Camels In Ciel d’Afrique

5h40 is indeed early, but try not to think about that too much.  Think about the North African sunrise, think about the Atlas mountains, think about the glorious photos you’ll post on Instagram.

Ciel d’Afrique – Morocco’s oldest hot air balloon* tour company and recipient of Trip Advisor’s ‘Certificate of Excellence’ 3 years running – recently began offering a post-flight camel transfer from your balloon’s landing site to the berber breakfast tent.  Mustapha and I suggest you ask for Isham – a professional, charming pilot with some well-rehearsed hot air balloon humor.

Here’s how it’ll all go down:
The hot air balloon people will pick you up from your hotel or riad** at an unGodly hour and drive you to the launch site. Yes, it’s unfortunate, but hot air ballooning is a sunrise activity (for fancy aerological reasons). You’ll see Marrakech waking up during your 20-minute drive to the outskirts of town. You’ll see the agriculturally inclined Moroccans coming out of their mud huts to pick vegetables and hang out with their goats.

You’ll arrive at the launch site in time to watch the pilot and his crew prepare the balloon for flight; it takes shape as the pilot squeezes a lever that throws loud fire (and, by extension, hot air) into the balloon. You’ll hop into the basket and then – for a few minutes during your ascent – you’ll get a voyeur’s aerial view into some of Marrakech’s open-air residences. But the details on the ground will quickly blur and you’ll shift your gaze over to the Berber-populated Atlas Mountains because the sun is rising up alongside them and you don’t plan on getting up this early again for a long, long time.

About 50 minutes later your pilot will instruct you to brace yourself for touchdown by holding on to the basket’s handles. You’ll be nervous about the landing and curse yourself for not googling ‘hot air balloon accidents in Morocco’ before you left.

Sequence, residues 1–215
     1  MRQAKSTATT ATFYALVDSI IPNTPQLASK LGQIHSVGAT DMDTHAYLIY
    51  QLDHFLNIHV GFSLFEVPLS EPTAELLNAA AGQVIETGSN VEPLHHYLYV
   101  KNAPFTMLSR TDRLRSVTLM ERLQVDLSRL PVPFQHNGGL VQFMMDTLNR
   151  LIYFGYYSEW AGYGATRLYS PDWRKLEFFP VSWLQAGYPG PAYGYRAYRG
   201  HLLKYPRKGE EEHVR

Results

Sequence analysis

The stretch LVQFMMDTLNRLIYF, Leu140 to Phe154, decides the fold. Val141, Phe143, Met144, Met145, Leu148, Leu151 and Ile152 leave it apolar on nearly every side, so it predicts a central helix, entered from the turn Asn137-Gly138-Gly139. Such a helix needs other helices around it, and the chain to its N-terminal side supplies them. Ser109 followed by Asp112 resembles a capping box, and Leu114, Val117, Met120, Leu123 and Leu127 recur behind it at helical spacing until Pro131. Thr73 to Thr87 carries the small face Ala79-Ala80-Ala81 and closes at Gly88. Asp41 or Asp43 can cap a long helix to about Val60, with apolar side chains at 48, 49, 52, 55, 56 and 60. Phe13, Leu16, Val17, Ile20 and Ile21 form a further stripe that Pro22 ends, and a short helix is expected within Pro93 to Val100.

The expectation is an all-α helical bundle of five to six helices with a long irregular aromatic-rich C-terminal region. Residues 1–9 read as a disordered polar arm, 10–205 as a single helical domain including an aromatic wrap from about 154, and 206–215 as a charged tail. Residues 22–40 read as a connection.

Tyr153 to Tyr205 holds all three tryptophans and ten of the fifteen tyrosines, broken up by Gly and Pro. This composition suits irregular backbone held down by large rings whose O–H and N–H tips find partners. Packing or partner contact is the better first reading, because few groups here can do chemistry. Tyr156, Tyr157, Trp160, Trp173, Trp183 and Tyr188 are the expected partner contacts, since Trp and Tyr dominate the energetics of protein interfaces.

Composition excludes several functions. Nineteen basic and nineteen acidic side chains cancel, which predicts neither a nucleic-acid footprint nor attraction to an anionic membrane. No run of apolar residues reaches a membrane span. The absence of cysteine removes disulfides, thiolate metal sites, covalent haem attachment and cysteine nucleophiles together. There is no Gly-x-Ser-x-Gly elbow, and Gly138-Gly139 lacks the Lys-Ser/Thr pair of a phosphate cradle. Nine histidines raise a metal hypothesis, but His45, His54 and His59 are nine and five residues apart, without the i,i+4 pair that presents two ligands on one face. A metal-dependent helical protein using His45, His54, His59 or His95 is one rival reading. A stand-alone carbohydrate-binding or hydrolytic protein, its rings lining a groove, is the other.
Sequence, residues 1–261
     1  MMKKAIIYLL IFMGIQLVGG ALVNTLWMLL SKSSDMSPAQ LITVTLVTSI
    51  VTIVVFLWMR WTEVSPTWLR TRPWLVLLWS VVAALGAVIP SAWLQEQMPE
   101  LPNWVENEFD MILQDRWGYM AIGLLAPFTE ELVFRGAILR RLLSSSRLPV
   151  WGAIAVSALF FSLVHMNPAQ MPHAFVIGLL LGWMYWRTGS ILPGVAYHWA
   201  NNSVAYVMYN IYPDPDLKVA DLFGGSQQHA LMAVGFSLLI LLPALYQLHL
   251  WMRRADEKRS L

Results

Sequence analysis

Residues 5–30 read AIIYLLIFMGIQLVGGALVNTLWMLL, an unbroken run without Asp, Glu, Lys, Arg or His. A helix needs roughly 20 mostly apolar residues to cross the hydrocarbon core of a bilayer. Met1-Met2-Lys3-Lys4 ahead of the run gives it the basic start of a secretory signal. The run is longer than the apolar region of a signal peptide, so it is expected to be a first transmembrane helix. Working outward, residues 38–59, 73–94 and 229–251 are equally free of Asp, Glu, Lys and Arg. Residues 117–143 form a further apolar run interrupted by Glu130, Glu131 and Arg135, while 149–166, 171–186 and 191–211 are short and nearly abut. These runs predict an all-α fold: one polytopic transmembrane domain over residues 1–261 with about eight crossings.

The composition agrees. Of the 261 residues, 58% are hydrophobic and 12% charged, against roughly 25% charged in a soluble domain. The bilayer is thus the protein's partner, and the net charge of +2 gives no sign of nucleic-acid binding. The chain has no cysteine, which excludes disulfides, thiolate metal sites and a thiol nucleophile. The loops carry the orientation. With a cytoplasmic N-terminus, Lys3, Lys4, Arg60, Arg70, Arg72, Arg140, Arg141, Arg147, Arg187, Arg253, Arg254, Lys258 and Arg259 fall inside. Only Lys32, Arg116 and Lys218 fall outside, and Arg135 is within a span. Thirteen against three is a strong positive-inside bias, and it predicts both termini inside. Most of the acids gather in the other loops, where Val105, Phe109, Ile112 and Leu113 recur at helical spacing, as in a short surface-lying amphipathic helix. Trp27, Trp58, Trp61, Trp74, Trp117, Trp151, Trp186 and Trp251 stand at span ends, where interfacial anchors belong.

Upon landing, the balloon will drag the basket across the rocky terrain for a few seconds until its momentum is depleted. You’ll try to reconcile this experience with what you remember from your 10th grade physics class.

Then the dromedaries (one-humped camels***) will mosey over to scoop and carry you back to Ciel d’Afrique’s launch site where you’ll install yourself under a large Berber tent. Then you’ll be brought 3 varieties of Moroccan pancakes that you’ll dip into honey and olive oil.

After that and for reasons that are unclear, Isham will present you with a certificate stating that you:
a) flew in a hot air balloon. And that you did so
b) before an admiring crowd (remember the Moroccan farmers from earlier?).

You’ll pay the crew 2,050 dirhams (which is about $220 or 190 euros) in cash and they’ll take you back to your hotel.

The addition of 3 dromedaries to Ciel d’Afrique’s team presents a viable alternative for those of us who’d only briefly entertain the relatively impractical option of driving 7 hours to ride camels in the dunes of Moroccan Sahara. Now we can synthesize our camel and hot air balloon ride into one morning’s excursion, leaving the afternoon free to get lost in Marrakech’s souks and haggle for a carpet.

~Paige Darrah


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mint tea anyone?

$220 per person for an hour long hot air balloon flight, which includes the post-flight camel ride to the breakfast tent, breakfast, and round trip hotel transfer in a scrappy 4×4. (011 212 52 443 2843,


* Linguistic sidebar: our French-speaking Moroccan friends call them ‘mongolfs,’ short for montgolfières.

** Mustapha defines a riad as ‘a house with a garden in the middle.’

**You’d be hard pressed to locate a two-humped camel in these parts, but don’t worry – one hump is more than sufficient.